I respectfully disagree with the statement recently made: Chiropractors will be a “non-issue” in 10 years. I also do not believe it is necessary for Chiropractors to prescribe medication or perform surgery to maintain viability. On the contrary. The future of medicine in this country, though largely run by the Big Pharma industry is with maintaining health, which includes physical, mental, and nutritional health. I believe Medicare will increase the value placed on physical medicine simply because it’ generally cost effective. No ER visits for the side effects of powerful, mild altering medication such as sleep hypnotics, anti-anxiety medication prescribed to the elderly, or the multiple medications which cause constipation and urinary retention. The morbidity and mortality due to medication errors is extremely costly to the US healthcare system as is liver damage from polypharmacy from hepatotoxic drug. This is due the overzealous use of statins, NSAIDS, acetaminophen containing narcotic medications. Speaking of narcotics, we all know the price generous prescribing of these drugs, which in my opinion will cause the US government and continue regulating the use of judicious prescribing of narcotic medication for non-cancer patients. The solution: Education, physical medicine, nutritional counseling to reduce the co-morbidities caused by the obesity epidemic. These truths I’ve learned after 19 years of allopathic medicine practice. Albert A. Luongo, MS, PA, MBA

  • dan

    October 23, 2016, 7:15 am

    Cool osteopaths in the next 50 years.

  • Auckland chiropractor

    November 17, 2016, 11:53 pm

    What most patients don’t understand is that chiropractors are primary care physicians. This means that patients don’t need a referral to see a chiropractor. Because of Optum Health’s study, it is wise for patients to see a chiropractor before they see any other provider.

  • Joel Fugleberg

    November 22, 2016, 6:18 am

    I agree, seeing a chiropractor and starting with conservative care FIRST, rather than a last resort is prudent.

  • William

    December 9, 2016, 1:15 am

    So I should see a chiropractor first if I have a fever, infection, or vomiting blood? That’s absurd. Chiros need to increase their scope and evolve along with science and medicine. A lot has changed since 1895. Osteopathic profession was younger but smart to increase their scope. Every other health care profession is increasing their scope except for Chiro. PT’s and other professions can do what you do so the only thing you have in your tool belt is manipulation. PT now hold doctorates and sooner or later they will be able to take and interpret X-rays. Schools are opening up in all other aspects of health carewhile chiros begin to close, with the start of Cleveland and more will follow. The admission is a joke. They practically admit anyone because there really is no competition for enrollment. I like chiropractic and I see its benefits, but let’s be real, it would be more beneficial if they could do more. I’m talking about full scope of prescription right, only limited to what chiros do. Muscle relaxers and pain meds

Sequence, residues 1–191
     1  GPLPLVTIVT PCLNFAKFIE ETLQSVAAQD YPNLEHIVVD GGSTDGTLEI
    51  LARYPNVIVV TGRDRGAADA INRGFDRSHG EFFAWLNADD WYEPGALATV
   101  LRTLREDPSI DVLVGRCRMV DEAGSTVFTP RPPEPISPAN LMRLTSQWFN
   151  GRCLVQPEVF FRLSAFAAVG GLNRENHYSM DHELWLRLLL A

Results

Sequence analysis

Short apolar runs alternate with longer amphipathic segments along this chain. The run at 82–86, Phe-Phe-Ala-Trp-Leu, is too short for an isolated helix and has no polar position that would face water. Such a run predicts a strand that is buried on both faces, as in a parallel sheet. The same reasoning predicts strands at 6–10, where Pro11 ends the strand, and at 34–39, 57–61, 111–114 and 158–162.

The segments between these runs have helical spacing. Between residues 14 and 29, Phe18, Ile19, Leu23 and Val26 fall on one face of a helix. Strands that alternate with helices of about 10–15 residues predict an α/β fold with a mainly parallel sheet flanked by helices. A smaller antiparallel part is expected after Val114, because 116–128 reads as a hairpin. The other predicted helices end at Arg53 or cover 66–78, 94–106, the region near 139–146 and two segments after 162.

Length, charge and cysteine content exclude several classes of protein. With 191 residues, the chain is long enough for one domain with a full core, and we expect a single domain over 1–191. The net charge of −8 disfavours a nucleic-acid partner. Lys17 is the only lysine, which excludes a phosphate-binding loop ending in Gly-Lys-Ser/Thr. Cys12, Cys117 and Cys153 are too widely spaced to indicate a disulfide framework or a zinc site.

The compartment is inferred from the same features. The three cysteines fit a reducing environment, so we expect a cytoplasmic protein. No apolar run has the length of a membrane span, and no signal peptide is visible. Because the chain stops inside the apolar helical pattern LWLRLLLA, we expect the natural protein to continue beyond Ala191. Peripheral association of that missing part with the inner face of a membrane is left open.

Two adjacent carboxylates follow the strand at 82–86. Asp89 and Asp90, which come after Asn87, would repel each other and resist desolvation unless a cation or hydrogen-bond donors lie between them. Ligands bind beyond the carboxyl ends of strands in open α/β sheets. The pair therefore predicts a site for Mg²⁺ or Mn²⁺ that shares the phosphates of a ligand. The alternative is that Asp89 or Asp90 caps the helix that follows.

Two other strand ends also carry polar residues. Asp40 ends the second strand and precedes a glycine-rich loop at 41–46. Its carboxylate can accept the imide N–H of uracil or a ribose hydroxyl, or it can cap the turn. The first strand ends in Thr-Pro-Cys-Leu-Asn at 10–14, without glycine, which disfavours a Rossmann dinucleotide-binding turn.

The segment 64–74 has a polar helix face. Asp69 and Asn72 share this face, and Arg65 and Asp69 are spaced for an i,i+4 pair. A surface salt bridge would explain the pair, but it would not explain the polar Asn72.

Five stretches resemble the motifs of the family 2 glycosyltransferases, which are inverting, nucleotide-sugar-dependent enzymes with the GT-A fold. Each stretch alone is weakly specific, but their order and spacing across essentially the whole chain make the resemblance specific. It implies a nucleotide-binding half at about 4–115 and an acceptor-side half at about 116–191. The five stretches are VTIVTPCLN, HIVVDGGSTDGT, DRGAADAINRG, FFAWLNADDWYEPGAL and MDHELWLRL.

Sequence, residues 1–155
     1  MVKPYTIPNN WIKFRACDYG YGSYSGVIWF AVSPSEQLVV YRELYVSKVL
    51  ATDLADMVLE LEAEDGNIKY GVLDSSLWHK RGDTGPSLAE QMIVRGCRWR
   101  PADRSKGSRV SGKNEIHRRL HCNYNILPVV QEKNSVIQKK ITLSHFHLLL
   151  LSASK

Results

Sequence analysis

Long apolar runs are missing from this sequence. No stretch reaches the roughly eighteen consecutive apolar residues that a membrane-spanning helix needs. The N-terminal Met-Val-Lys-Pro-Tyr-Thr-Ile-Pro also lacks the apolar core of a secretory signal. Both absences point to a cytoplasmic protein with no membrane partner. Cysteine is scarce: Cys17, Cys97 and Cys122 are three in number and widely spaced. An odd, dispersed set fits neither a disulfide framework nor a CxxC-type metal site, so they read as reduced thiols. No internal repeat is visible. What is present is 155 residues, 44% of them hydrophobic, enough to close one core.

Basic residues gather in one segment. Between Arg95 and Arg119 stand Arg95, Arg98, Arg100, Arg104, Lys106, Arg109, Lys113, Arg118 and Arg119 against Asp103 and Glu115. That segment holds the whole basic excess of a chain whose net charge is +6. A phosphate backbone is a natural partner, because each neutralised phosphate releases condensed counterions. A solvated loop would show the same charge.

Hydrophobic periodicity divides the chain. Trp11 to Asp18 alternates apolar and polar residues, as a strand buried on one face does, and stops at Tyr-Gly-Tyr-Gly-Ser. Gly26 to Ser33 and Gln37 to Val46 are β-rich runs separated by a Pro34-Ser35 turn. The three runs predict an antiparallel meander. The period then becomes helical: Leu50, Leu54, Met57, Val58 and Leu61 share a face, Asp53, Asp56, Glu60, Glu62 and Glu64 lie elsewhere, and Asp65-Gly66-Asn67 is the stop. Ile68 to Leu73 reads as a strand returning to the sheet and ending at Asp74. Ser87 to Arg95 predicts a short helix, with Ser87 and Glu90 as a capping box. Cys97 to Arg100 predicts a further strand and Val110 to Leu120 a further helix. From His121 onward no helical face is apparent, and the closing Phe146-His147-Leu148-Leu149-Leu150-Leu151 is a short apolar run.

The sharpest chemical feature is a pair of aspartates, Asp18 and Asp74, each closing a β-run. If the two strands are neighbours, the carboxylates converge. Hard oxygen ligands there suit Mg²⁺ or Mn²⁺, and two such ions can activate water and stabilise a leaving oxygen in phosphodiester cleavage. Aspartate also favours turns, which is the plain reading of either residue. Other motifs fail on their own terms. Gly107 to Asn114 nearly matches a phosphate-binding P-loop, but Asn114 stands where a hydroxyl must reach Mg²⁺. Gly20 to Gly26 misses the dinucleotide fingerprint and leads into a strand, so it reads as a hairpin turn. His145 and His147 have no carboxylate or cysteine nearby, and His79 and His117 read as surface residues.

• Daniel

    December 11, 2016, 6:20 am

    I’ve been a chiropractor for 37 years. Chiropractic is great, but the business of chiropractic is on a serious downturn. Why? Because the chiropractic schools are not addressing real world needs. Bottom line: Chiropractors are in the pain business, not preaching philosophy.. I think prescriptive rights will save our profession. One poster said the chiropractic schools are in trouble. They are. Note to chiropractic colleges: Wake up. You’ve been sleeping since 1895.

  • David M Fulkerson

    January 31, 2017, 10:26 pm

    I am curious as to how a progressive Chiropractor can get his or her credentialing to participate in forms of allergy testing and prescribing immunotherapy (which is the main principle of my inquiry). There is a huge need for medical professionals to look at underlying conditions such as environmental and food allergens. Currently most medical professionals refer their patients out to an allergist who still use accurate but archaic methods such as the old skin test to test patients for allergies. with advances in lab devices etc. most of these providers can perform finger prick blood drop tests or blood draws in office if there is a medical necessity and symptoms are displayed or communicated. They then can order/prescribe immunotherapy regimens and treat the patients to lessen his or her allergy(s) and mitigate dependency on your daily OTC and Rx allergy meds. In certain states Chiroprators are allowed to prescribe under a MD NPI and participate in this service which broadens his or her customer servicing, enhance their quality of life, generate a whole new revenue stream for the practice and take advantage of the under-diagnosed demographic of us that now have to wait months for an allergist opening. What specifically does a chiropractor need to be or do in order to be able to legally prescribe immunotherapy if they would like to?

  • Joel Fugleberg

    February 6, 2017, 8:19 am

    Good question, David. I wonder if there are different regulations per state on this specific therapy. I guess it depends on what they are prescribing?